As a child I was always taking things apart around the house. A broken VCR meant a good day because I could pull apart all the plastic and metal covers and discover all the little working mechanisms inside. I tended to seek out new things to explore and let curiosity drive me.
When I got a little bit older, the same curiosity led me into some trouble, and I struggled for a good many years as an older teen and young adult to find my way, and to find a way in the "real world" to match my predispositions and constant need to explore with the physical and financial needs that every person has to find a way to meet.
After graduating from Western Washington University in 2010 with a liberal arts degree in Psychology, I immediately entered the workforce with no real intention of utilizing my chosen degree. I can recall angst-filled conversations from that time period, had while working for minimum wage at a thrift store in Seattle, in which I stated my desire to find a way to earn my keep in life by simply "making things for others. "
I had only a vague idea of a goal at the time, but I've spent nearly the last ten years working a variety of jobs that have allowed me to do just that. For several years I managed an artisan pizza restaurant in Spokane, Wa. There, I learned my appreciation for the daily ritual of a craft. Each day I would mix and form pizza dough, learning through repetition of the process and slowly learning the nuances of bread-making and the chemistry of water, flour, salt, and yeast. The other gift I received from my time in pizza was an incredible fondness for working with open flame.
I spent a few years in precision manufacturing making and inspecting aircraft parts for Boeing, Lockheed Martin, and other aerospace companies. Here I learned how to read blueprints, the theory of metal-cutting, machine design, machine maintenance, and basic process engineering to create things more efficiently. My days during this time period were spent paying close attention to fine details, using all my senses to find and correct the smallest discrepancies between parts.
My time in manufacturing segued into working for a small science exhibit manufacturer in Spokane, WA, where my recently acquired manufacturing skills were developed further, and I learned how to do business with wholesale suppliers across a number of different industries. In that job I got over my fear of asking stupid questions, something that has served me well as I forayed more seriously into artistic metalworking and blacksmithing.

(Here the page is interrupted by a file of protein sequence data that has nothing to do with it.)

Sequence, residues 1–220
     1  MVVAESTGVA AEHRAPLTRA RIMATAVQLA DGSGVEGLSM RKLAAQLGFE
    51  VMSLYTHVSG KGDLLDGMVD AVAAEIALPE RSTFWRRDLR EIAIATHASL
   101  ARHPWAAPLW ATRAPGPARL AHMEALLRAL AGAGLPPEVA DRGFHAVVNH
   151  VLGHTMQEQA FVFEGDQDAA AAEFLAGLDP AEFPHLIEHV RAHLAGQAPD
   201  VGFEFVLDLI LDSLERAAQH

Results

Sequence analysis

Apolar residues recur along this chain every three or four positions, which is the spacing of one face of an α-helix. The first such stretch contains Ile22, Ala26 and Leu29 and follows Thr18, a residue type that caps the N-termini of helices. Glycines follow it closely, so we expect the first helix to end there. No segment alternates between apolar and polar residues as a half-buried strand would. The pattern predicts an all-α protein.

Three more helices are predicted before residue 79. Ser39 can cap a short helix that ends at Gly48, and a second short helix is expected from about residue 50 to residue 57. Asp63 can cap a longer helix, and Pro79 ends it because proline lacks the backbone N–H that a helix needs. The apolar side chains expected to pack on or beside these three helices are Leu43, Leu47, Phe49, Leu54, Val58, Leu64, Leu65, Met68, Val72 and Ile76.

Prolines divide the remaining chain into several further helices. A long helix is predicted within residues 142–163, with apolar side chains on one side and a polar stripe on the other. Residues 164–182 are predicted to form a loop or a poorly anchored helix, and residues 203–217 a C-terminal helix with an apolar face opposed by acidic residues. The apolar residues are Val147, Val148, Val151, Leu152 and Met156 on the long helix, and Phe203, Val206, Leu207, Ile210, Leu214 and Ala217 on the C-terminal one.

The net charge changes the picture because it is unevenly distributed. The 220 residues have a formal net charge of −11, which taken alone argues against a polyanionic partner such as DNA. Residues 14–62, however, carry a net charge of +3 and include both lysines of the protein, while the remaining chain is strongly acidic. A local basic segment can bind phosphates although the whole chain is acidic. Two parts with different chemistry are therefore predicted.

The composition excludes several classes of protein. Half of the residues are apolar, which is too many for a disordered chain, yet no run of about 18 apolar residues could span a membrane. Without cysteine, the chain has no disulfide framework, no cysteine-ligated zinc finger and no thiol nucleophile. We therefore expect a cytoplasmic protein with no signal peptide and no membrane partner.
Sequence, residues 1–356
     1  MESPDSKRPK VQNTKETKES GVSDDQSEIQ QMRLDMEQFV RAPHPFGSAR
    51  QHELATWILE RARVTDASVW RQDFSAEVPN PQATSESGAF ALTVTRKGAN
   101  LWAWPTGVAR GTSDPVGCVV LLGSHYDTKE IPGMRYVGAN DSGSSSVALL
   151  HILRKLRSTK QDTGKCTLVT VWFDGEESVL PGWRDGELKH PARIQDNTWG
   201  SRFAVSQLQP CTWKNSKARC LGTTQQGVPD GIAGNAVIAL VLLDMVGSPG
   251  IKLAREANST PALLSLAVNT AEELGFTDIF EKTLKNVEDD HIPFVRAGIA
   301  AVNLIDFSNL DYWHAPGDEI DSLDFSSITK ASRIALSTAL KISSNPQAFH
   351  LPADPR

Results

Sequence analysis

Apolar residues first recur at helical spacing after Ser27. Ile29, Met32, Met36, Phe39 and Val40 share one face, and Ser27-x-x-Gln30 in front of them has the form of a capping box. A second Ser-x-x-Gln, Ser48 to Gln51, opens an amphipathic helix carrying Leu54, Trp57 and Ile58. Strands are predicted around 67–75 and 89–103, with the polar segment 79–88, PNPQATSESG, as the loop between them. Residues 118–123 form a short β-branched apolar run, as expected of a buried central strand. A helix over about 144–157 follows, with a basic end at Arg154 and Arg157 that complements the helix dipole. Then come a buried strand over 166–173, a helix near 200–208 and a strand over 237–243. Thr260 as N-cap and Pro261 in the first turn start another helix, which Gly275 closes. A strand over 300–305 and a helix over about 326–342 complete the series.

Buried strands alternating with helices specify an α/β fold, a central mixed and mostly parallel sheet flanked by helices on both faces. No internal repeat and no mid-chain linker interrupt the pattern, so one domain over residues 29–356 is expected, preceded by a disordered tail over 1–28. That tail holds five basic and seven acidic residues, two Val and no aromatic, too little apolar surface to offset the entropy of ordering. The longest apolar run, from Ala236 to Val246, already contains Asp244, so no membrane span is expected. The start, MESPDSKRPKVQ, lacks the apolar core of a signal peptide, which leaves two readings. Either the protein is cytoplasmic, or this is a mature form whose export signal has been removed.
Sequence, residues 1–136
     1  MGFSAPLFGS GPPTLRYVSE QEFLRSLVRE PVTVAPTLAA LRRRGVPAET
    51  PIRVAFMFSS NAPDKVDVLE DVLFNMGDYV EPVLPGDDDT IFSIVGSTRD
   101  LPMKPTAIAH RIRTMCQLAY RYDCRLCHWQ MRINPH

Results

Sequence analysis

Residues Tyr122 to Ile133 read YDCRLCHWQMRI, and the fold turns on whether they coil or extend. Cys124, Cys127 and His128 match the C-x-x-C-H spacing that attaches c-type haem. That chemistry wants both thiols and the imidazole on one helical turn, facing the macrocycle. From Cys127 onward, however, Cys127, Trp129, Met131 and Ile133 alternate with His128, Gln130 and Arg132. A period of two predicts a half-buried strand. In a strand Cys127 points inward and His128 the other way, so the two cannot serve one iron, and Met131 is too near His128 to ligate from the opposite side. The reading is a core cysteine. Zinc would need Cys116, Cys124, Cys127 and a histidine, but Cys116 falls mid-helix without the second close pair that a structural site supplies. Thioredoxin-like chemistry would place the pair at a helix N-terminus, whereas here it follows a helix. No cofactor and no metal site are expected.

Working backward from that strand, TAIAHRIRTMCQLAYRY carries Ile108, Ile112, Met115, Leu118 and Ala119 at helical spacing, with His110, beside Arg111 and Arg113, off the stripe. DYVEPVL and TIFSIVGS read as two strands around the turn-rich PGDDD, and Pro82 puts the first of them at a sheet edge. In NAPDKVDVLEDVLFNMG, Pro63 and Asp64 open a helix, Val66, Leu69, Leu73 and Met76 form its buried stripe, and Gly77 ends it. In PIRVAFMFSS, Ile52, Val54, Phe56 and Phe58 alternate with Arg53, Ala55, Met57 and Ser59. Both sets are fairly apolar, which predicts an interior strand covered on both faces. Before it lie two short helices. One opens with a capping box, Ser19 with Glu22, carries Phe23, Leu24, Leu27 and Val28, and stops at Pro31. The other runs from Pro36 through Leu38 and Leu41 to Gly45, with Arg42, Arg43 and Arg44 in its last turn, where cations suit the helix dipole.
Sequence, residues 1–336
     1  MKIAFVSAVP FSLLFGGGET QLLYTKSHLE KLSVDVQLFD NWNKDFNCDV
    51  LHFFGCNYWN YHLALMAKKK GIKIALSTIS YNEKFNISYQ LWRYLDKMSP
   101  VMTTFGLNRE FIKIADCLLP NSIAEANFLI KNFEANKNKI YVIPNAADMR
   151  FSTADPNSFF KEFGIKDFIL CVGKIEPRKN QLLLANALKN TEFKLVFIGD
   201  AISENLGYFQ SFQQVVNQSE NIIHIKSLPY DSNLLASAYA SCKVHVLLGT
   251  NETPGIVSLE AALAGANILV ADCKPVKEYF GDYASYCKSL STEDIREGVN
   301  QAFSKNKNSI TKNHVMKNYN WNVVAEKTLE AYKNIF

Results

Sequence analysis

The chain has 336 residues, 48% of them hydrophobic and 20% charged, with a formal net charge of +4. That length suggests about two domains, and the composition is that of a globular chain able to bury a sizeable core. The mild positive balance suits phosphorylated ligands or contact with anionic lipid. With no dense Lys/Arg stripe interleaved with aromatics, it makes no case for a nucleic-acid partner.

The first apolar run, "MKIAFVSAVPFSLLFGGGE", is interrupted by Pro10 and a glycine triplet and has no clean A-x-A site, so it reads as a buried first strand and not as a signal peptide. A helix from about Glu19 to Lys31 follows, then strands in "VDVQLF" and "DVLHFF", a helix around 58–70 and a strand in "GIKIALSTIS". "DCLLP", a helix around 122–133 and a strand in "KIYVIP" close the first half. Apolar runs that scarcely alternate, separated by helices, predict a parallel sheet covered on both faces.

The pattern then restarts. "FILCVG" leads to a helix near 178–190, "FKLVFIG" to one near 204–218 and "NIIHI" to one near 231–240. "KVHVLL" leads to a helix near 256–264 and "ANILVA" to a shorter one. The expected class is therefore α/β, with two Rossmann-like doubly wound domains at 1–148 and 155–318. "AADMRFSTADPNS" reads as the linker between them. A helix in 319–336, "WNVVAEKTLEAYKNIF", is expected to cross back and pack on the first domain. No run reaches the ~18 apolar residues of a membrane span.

During all of these years, I spent much of my free time finding ways to tinker and play with ideas and concepts that I wasn't faced with in my work. A handful of projects that come to mind include a macro lens for a point & shoot camera made from junk lenses, two home-built 3d printers, a geodesic dome greenhouse, a hyper-efficient wood-burning stove, and an arduino-powered camera dolly. Just before moving out to Grays Harbor in 2017, I rebuilt (with plenty of help) the decrepit shed in my back yard and outfitted the space with a small homemade forge and anvil. I spent a few months hammering away in my backyard before the move and attended my first hammer-in event; after some earnest discussion with some supportive older working smiths I met there, I determined to make blacksmithing and artistic metalworking my profession.
With the move to Grays Harbor came an expansion to a larger shop. I spent an enormous amount of time and a few thousand dollars I had saved building out the shop the following year, and continued learning how to forge and weld with a torch from DJ Stull, a retired longtime blacksmith who spent many years in Winthrop, WA. I established a daily practice of working with metal and putting my energy into creating a workshop where I could bring ideas to life. In 2018 that effort began to pay dividends in the form of commissioned work from local businesses and residents, and Lone Tree Forge was born.
My aim with Lone Tree Forge is to provide our community with a wide variety of artistic and functional ornamental metalwork. I am constantly studying and experimenting to improve my methods and the quality of my finished work, and look forward to many years of serving this area with beautiful, long-lasting ironwork. Thank you for supporting local artists & craftspeople!